MIT Technology Review (3/4): The Moon may be not as barren as it appears. The European Space Agency (ESA) is teaming with the Ariane Group for a lunar lander mission in 2025 that will assess the soil of the Moon for the presence of oxygen and water. Other nations are expressing interest in lunar resources as well. China and India are interested in the presence of Helium-3, a solar element rare on the Earth that could be mined to generate a safe form of nuclear energy.

Summers: NASA’s Center for Life Detection is for life detection is on the hunt for life in the universe

Daily Caller (3/3): Assessing the prospect for life across the solar system and beyond is a challenging goal, including whether it’s intelligent and especially whether life in some form is possible in extreme space environments. The challenge prompted NASA to establish the Center for Life Detection Studies in February. The center includes experts from George Washington University as well as Georgia Tech.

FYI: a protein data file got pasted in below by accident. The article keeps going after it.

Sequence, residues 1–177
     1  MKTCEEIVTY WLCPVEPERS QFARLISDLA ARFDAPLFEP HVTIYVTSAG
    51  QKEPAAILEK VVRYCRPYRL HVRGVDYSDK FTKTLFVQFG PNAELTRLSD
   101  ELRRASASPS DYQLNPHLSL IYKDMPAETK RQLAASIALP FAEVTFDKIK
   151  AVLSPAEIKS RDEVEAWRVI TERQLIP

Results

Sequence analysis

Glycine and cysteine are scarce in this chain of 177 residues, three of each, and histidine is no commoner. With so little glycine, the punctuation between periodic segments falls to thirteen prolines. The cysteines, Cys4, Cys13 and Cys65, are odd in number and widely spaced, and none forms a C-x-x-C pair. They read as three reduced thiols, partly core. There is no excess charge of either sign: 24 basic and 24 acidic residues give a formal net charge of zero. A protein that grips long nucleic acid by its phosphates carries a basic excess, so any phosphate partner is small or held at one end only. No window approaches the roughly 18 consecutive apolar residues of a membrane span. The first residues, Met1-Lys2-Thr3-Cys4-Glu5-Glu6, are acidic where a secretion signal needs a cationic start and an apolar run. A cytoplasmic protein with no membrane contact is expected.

Other News

On national security | The SpaceX-ULA proxy war is heating up

Coalition Members in the News – Boeing, Lockheed Martin, Northrop Grumman, United Launch Alliance (3/4): The Pentagon’s Office of Inspector General is pursuing an assessment of recent U.S. Air Force contract awards to U.S. launch services companies to determine whether the purchase agreements complied with criteria in place for new competitors. The SpaceX Falcon Heavy, for instance, was certified after only one launch. The inquiry is an indication of the “dog-eat-dog” competition now emerging in the launch services field, according to the op-ed.

Soon, hundreds of tourists will go to space. What should we call them?

Ars Technica (3/4): This year may see commercial suborbital rockets launching from the U.S. with passengers who have not undergone the traditional astronaut training provided by NASA and other global space agencies. Are they astronauts, space tourist or spaceflight participants? The answer may turn on the altitude they reach, 100 kilometers, or 80 kilometers — the border between the Earth’s upper atmosphere and space, a designation still under discussion.